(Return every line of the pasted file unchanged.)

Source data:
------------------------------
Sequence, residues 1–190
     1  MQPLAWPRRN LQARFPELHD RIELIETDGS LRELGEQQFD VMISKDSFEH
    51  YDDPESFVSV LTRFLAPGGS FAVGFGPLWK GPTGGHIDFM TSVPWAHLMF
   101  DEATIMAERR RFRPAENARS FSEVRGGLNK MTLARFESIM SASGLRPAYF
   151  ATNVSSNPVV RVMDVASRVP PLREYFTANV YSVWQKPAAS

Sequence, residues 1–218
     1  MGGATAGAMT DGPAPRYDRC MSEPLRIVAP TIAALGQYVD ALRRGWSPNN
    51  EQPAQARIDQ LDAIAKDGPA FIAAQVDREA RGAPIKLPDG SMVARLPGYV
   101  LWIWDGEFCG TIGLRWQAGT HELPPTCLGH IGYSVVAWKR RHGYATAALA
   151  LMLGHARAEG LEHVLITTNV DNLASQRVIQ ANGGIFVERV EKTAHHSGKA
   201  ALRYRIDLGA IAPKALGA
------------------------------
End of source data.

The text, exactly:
Sequence, residues 1–190
     1  MQPLAWPRRN LQARFPELHD RIELIETDGS LRELGEQQFD VMISKDSFEH
    51  YDDPESFVSV LTRFLAPGGS FAVGFGPLWK GPTGGHIDFM TSVPWAHLMF
   101  DEATIMAERR RFRPAENARS FSEVRGGLNK MTLARFESIM SASGLRPAYF
   151  ATNVSSNPVV RVMDVASRVP PLREYFTANV YSVWQKPAAS

Sequence, residues 1–218
     1  MGGATAGAMT DGPAPRYDRC MSEPLRIVAP TIAALGQYVD ALRRGWSPNN
    51  EQPAQARIDQ LDAIAKDGPA FIAAQVDREA RGAPIKLPDG SMVARLPGYV
   101  LWIWDGEFCG TIGLRWQAGT HELPPTCLGH IGYSVVAWKR RHGYATAALA
   151  LMLGHARAEG LEHVLITTNV DNLASQRVIQ ANGGIFVERV EKTAHHSGKA
   201  ALRYRIDLGA IAPKALGA